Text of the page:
Who needs an Athlon 800?
We should actually ask, "who wants an Athlon 800 system?" Okay, you all can put down your hands now. Everyone wants the fastest system possible, but how many of you can justify the cost? It's a given that the Athlon 800 will give gamers incredible performance, but there are other computer applications besides games.
In the business world, companies run engineering/3D software programs that cost thousands (or tens of thousands) more than the hardware itself. A company won't think twice about buying a $2000-$3000 workstation for an 100k engineer. Companies are willing to pay for increased productivity. Specialized high-end workstations often sell for 10k-20k. Companies may consider the KryoTech Cool Athlon 800 a steal.
The KryoTech system is also great for single processor server applications. We asked KryoTech's Scott Spears about stability risks involving the refrigeration unit:
FS: With servers, people put stability first and performance second. The KryoTech refrigeration unit is just another component that can possibly malfunction. Do you have a MTBF for the refrigeration unit?
Scott: We use components from a mature industry where failures are extremely rare. For example one of our compressor clients sells several million compressors each year and on average they get less than 100 back due to failures. A negligible amount. Also, we seal the system by brazing it so there are no leak points. There is no valve so coolant can not be accidentally released by the customer and as a consequence the cooling systems never, ever need recharging like your car or home AC system. In your car and house there are many quick release valves and other connections that are not brazed which leak minute amounts of coolant all of the time. This is why you have to re-charge periodically. We designed our system without valves and quick connects and totally brazed the whole circuit in order to remove the need for periodic re-charge. Basically our tests show that the MTBF on the chillers is about 10 years.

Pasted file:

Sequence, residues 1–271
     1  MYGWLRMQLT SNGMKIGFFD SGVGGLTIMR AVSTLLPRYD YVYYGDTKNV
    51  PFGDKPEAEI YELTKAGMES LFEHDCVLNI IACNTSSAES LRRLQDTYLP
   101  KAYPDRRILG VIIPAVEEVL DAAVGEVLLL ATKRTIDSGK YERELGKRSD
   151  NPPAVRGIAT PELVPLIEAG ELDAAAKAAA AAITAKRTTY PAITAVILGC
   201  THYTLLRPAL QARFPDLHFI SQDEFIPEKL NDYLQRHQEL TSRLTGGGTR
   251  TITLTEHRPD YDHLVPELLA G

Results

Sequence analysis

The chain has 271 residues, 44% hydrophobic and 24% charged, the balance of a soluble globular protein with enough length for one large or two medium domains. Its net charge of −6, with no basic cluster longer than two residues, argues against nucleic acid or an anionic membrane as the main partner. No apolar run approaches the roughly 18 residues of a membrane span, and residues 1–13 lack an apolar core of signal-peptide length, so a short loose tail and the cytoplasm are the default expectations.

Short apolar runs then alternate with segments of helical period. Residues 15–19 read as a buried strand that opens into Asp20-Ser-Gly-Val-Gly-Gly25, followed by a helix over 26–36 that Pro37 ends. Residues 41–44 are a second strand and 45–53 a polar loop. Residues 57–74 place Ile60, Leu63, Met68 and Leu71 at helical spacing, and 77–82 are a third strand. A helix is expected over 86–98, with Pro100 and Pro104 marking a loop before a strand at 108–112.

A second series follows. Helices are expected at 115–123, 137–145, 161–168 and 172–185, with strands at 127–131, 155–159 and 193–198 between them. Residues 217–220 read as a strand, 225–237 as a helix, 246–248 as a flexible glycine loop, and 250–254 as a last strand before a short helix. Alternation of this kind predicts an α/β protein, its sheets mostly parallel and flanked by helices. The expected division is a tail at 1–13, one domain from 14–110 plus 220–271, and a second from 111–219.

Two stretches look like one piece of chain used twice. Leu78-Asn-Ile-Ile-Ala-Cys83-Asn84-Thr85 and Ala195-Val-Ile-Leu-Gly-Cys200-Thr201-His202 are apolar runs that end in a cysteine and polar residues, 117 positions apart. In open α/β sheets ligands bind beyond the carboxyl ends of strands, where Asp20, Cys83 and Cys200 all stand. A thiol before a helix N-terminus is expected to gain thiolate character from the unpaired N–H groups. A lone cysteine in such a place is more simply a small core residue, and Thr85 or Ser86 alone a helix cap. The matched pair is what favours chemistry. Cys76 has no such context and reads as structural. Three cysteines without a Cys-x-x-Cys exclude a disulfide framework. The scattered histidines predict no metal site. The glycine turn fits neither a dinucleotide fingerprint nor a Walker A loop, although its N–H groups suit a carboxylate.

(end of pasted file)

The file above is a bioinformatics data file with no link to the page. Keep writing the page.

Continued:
You are absolutely right about stability on servers and what we have found is that our system actually makes systems more stable. In theory this makes sense because we are operating the CMOS at a temperature that it is more comfortable in. Also, we bus the processor heat out of the case so all of the other components are extremely happy.
Scott sure convinced us that the KryoTech unit is stable. We also leaned that "KryoTech provides cooling sub-systems for the IBM System 390 Mainframe." That's the mainframe behind several mission critical services such as 911 call centers, air traffic control systems, and stock exchanges. KryoTech is good enough for Big Blue, and that's more than enough for us!